DNA Topoisomerase I (Top1) –based assay was used to assess the ability of LS-1 to intercalate. This approach relies upon linking number changes in supercoiled plasmid DNA induced by the intercalating molecule [79] which can be compared to DNA that was not treated. After treatment with the putative intercalator, linking number changes can be inferred after relaxation with DNA Top1. If intercalation occurred, upon removal of Top1, the final linking number (or state of supercoiling) will be distinct compared to DNA that was not treated (control). Molecules that fail to intercalate appear similar to control samples. DNA was incubated with DMSO alone or DMSO containing the indicated amount of doxorubicin, etoposide, or LS-1 for 15min at 25°C, followed by an additional 1h with added Top1. Next, DNA was extracted with phenol and chloroform and precipitated with ethanol. Samples were resolved by electrophoresis through 1% agarose 1xTAE gel and species were quantitated by densitometry with GelQuant.NET1.8.2 software.

Supplementary Materials

Supplementary File

Conflicts of Interest

The authors have no conflict of interests to declare.

Funding

This work was supported by National Institutes of Health grants RO3 MH076395 (D.S.G.), U54 HG003917 (G.A.P.), RO1 CA52814 (J.N.), and F31 AG041603-04 (M.V.M.), and a research contract to the University of Rochester from Calorics Pharmaceuticals.

References

  • 1. Bitto A, Wang AM, Bennett CF, Kaeberlein M. Biochemical Genetic Pathways that Modulate Aging in Multiple Species. Cold Spring Harb Perspect Med. 2015; 5:a025114. https://doi.org/10.1101/cshperspect.a025114 [PubMed]
  • 2. Vermeij WP, Hoeijmakers JH, Pothof J. Genome Integrity in Aging: Human Syndromes, Mouse Models, and Therapeutic Options. Annu Rev Pharmacol Toxicol. 2016; 56:427–45. https://doi.org/10.1146/annurev-pharmtox-010814-124316 [PubMed]
  • 3. Longo VD, Shadel GS, Kaeberlein M, Kennedy B. Replicative and chronological aging in Saccharomyces cerevisiae. Cell Metab. 2012; 16:18–31. https://doi.org/10.1016/j.cmet.2012.06.002 [PubMed]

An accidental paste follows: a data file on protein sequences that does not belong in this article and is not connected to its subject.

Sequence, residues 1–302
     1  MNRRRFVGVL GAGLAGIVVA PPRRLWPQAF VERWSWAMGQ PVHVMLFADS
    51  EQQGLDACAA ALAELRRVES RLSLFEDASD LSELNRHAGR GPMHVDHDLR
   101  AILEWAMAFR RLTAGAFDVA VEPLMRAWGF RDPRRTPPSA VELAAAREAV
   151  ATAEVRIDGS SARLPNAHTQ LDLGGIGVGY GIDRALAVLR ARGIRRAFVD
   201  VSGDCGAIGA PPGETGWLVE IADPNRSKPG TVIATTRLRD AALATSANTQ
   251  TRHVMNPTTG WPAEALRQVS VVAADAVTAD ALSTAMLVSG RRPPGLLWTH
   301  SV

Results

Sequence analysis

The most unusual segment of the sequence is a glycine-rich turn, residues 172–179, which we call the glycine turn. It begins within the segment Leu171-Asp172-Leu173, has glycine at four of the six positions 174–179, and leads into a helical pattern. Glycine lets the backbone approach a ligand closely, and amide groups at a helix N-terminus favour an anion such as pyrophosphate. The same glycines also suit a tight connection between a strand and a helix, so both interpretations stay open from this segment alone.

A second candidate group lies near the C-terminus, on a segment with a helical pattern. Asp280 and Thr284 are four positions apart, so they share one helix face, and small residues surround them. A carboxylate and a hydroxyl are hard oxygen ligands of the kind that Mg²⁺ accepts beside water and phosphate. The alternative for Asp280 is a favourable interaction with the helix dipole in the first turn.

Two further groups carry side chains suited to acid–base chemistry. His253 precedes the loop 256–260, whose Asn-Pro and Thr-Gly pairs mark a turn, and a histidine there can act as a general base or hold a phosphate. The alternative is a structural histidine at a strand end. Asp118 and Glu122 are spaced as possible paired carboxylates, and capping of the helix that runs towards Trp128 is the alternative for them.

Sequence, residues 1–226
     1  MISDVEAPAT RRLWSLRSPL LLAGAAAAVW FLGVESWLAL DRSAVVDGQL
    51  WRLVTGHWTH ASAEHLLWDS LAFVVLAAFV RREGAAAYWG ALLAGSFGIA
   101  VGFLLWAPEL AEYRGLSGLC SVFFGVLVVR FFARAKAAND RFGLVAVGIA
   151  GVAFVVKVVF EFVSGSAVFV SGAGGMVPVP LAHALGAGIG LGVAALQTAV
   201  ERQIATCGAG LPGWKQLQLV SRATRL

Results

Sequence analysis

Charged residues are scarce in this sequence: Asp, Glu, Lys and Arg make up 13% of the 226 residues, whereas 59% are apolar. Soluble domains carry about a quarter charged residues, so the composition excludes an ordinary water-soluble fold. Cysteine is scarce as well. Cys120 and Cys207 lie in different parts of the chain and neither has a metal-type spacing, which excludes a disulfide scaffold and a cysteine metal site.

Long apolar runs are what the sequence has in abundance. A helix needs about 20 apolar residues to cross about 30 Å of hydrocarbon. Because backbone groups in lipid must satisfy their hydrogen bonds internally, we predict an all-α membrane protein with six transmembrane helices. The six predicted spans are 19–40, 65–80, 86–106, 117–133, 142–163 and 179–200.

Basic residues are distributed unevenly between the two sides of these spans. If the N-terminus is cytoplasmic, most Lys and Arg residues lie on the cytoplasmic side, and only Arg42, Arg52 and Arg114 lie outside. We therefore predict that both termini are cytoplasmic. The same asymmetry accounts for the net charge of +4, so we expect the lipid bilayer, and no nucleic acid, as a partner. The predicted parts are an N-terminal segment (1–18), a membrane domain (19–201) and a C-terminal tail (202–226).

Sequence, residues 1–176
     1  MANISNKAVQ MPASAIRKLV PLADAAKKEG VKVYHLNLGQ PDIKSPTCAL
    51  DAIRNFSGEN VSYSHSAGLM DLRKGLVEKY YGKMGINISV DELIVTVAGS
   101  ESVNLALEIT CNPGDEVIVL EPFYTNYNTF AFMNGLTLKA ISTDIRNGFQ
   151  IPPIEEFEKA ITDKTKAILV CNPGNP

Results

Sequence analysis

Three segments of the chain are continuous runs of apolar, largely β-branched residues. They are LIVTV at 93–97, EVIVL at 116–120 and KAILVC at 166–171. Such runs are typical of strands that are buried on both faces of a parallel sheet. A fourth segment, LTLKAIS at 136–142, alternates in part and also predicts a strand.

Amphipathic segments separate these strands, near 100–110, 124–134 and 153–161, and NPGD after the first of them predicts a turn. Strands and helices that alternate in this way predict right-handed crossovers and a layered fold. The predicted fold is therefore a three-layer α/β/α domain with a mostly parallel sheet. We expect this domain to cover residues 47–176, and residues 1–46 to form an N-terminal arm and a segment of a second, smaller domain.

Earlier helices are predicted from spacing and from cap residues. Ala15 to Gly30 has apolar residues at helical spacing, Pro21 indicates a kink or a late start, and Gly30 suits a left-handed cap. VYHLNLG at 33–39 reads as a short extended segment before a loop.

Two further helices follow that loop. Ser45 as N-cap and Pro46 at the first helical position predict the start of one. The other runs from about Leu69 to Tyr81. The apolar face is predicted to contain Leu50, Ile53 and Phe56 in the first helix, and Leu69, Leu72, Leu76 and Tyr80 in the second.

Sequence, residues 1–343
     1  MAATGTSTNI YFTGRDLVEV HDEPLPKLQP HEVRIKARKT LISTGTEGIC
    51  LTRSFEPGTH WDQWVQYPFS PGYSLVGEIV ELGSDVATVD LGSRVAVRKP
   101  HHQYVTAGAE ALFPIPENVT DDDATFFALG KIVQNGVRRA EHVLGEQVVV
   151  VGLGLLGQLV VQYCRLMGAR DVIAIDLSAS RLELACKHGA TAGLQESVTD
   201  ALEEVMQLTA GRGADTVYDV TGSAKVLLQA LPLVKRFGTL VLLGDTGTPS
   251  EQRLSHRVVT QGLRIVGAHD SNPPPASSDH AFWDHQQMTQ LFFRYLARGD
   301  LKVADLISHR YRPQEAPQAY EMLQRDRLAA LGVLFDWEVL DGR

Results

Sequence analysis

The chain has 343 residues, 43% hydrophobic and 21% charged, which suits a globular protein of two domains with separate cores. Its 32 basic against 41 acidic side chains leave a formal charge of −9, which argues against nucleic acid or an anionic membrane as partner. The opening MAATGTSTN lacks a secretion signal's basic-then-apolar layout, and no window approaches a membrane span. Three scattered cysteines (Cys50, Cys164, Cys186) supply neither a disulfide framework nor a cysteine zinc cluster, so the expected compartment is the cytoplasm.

• 4. Qin H, Lu M. Natural variation in replicative and chronological life spans of Saccharomyces cerevisiae. Exp Gerontol. 2006; 41:448–56. https://doi.org/10.1016/j.exger.2006.01.007 [PubMed]
  • 5. Lindstrom DL, Gottschling DE. The mother enrichment program: a genetic system for facile replicative life span analysis in Saccharomyces cerevisiae. Genetics. 2009; 183:413–22. https://doi.org/10.1534/genetics.109.106229 [PubMed]
  • 6. Zhang Y, Luo C, Zou K, Xie Z, Brandman O, Ouyang Q, Li H. Single cell analysis of yeast replicative aging using a new generation of microfluidic device. PLoS One. 2012; 7:e48275. https://doi.org/10.1371/journal.pone.0048275 [PubMed]
  • 7. Jarolim S, Millen J, Heeren G, Laun P, Goldfarb DS, Breitenbach M. A novel assay for replicative lifespan in Saccharomyces cerevisiae. FEMS Yeast Res. 2004; 5:169–77. https://doi.org/10.1016/j.femsyr.2004.06.015 [PubMed]
  • 8. Pommier Y, Leo E, Zhang H, Marchand C. DNA topoisomerases and their poisoning by anticancer and antibacterial drugs. Chem Biol. 2010; 17:421–33. https://doi.org/10.1016/j.chembiol.2010.04.012 [PubMed]
  • 9. Nitiss JL. DNA topoisomerase II and its growing repertoire of biological functions. Nat Rev Cancer. 2009; 9:327–37. https://doi.org/10.1038/nrc2608 [PubMed]
  • 10. Nitiss JL. Targeting DNA topoisomerase II in cancer chemotherapy. Nat Rev Cancer. 2009; 9:338–50. https://doi.org/10.1038/nrc2607 [PubMed]
  • 11. Deweese JE, Osheroff N. The DNA cleavage reaction of topoisomerase II: wolf in sheep’s clothing. Nucleic Acids Res. 2009; 37:738–48. https://doi.org/10.1093/nar/gkn937 [PubMed]
  • 12. Vijg J, Suh Y. Genome instability and aging. Annu Rev Physiol. 2013; 75:645–68. https://doi.org/10.1146/annurev-physiol-030212-183715 [PubMed]
  • 13. Cortes Ledesma F, El Khamisy SF, Zuma MC, Osborn K, Caldecott KW. A human 5′-tyrosyl DNA phosphodiesterase that repairs topoisomerase-mediated DNA damage. Nature. 2009; 461:674–78. https://doi.org/10.1038/nature08444 [PubMed]
  • 14. Nitiss JL, Nitiss KC. Tdp2: a means to fixing the ends. PLoS Genet. 2013; 9:e1003370. https://doi.org/10.1371/journal.pgen.1003370 [PubMed]